Protect your pets from heartworm

How do dogs and cats get heartworm? I was curious to know how dogs actually get this dangerous and often fatal illness, and even though there is heartworm treatment for dogs available (much like flea prevention), less than half of dog owners actually use any type of preventative measures against heartworm on their dogs at all.

What is heartworm in the first place? Heartworm is a parasite spread by mosquitoes when the dog gets bitten, which can be fatal in dogs. Dogs who get heartworm often carry the parasite for months before they show very serious symptoms (6 months or so), and even then, they may not be serious enough for owners to pay heed or for owners to know what they are looking for.

Heartworm takes a while to fully mature, around 90-120 days. Heartworm parasites start out as larvae in the lungs. Depending on the size of the dog they are attacking, as the larvae reach full maturity and turn into worms where they can rest in certain arteries in the dog. For example, a beagle may have 10 worms in their system, whereas a larger dog like a lab can have as many as 50 or more. Regardless, the worms at maturity do migrate toward the heart, resting in ventricles until they take over the dog and eventually kill the animal or the dog gets treatment to kill and destroy the heartworm infection entirely.

Dogs will usually contract heartworm during the wet spring season when mosquitoes are maturing. The heartworm can take about 10-14 days to incubate and mature within 90-120 days after contracting the illness. Dogs usually wont show major symptoms of heartworm (like wheezing or coughing) until the larvae begin growing in their lungs before maturity.

If you live in a known mosquito area (heartworm is prevalent in all 50 states. Where there are mosquitoes there may be heartworm), then you would be wise to protect your dog against heartworm by keeping your dog medicated against the parasites and having your dog wear mosquito repellent when they are outdoors.

Preventing Ticks on Your Pets

Dogs are very susceptible to tick bites and tickborne diseases. Vaccines are not available for all the tickborne diseases that dogs can get, and they don’t keep the dogs from bringing ticks into your home. For these reasons, it’s important to use a tick preventive product on your dog.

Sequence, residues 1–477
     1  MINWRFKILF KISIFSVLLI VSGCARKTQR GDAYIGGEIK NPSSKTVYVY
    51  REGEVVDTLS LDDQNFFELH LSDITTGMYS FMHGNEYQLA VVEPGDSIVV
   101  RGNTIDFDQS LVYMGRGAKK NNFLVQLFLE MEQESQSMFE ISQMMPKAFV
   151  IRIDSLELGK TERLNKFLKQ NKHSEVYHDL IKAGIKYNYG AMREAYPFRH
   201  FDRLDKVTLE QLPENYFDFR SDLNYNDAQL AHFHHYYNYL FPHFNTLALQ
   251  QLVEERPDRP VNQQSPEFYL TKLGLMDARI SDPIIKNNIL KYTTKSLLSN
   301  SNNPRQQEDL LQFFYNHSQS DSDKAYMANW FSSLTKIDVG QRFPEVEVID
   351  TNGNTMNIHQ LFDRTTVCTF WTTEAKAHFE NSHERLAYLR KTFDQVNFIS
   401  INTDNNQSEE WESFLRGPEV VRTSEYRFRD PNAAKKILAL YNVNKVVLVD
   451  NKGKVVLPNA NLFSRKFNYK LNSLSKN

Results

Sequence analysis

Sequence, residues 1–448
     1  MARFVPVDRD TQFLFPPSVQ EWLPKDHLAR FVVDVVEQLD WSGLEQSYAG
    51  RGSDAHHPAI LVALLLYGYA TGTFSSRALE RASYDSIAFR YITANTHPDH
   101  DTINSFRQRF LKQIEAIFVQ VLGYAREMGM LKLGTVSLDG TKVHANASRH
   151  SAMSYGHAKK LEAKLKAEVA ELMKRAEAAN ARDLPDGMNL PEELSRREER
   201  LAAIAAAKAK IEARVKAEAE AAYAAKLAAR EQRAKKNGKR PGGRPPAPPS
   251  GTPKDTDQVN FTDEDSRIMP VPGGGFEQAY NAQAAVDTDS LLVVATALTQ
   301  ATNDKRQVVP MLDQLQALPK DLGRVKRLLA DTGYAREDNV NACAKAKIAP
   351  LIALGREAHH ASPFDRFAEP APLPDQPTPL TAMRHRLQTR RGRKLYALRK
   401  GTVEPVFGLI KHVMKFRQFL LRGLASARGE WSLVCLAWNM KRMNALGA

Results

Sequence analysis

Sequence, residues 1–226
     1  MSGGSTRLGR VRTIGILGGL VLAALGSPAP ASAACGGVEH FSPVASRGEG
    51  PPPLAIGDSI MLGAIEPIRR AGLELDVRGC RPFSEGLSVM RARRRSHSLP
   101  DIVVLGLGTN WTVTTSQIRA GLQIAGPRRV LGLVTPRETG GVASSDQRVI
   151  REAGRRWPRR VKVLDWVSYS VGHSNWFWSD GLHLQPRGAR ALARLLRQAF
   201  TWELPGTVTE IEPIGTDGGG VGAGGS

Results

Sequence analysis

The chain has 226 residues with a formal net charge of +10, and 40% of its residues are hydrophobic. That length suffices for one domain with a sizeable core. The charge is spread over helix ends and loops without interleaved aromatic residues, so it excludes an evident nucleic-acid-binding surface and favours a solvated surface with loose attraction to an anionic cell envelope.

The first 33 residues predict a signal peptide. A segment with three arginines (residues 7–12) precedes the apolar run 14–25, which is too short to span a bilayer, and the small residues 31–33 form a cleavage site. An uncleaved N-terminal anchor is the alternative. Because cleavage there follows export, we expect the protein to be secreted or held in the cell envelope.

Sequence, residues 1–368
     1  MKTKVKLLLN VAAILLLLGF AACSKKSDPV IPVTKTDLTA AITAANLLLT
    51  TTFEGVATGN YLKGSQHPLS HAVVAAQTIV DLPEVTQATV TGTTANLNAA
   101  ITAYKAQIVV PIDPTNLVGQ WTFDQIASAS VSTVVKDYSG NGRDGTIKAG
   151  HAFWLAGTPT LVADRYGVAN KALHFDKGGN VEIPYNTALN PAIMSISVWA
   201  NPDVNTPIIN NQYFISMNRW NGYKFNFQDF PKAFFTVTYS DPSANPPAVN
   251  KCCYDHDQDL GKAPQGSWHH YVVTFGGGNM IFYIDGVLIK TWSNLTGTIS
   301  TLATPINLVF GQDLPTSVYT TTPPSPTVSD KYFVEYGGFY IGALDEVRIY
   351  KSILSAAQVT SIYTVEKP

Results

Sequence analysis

Tick bites on dogs may be hard to detect. Signs of tickborne disease may not appear for 7-21 days or longer after a tick bite, so watch your dog closely for changes in behavior or appetite if you suspect that your pet has been bitten by a tick.

To reduce the chances that a tick will transmit disease to you or your pets:

Check your pets for ticks daily, especially after they spend time outdoors.
If you find a tick on your dog, remove it right away.
Ask your veterinarian to conduct a tick check at each exam.
Talk to your veterinarian about tickborne diseases in your area.
Reduce tick habitat in your yard.
Talk with your veterinarian about using tick preventives on your pet.

Kill Ticks on Dogs

A pesticide product that kills ticks is known as an acaricide. Acaricides that can be used on dogs include dusts, impregnated collars, sprays, or topical treatments. Some acaricides kill the tick on contact. Others may be absorbed into the bloodstream of a dog and kill ticks that attach and feed.


Helps to reduce the number of ticks in the environment
Prevents tickborne disease


Tick bites can cause a painful wound and may become infected.
When bitten, a dog may become infected with a number of diseases. This depends on the type of tick, which diseases it is carrying (if any), and how quickly a product kills the feeding tick.
Examples of topically applied products (active ingredients)


Pyrethroids (permethrin, etc.)


Repel Ticks on Dogs

A repellent product may prevent the tick from coming into contact with an animal at all or have anti-feeding effects once the tick comes into contact with the chemical, thus preventing a bite.


Prevents bite wounds and possible resulting infections

Prevents tickborne disease


Will not reduce the number of ticks in the environment (doesn’t kill ticks)

Examples of topically applied products (active ingredients):

Pyrethroids (permethrin, etc.)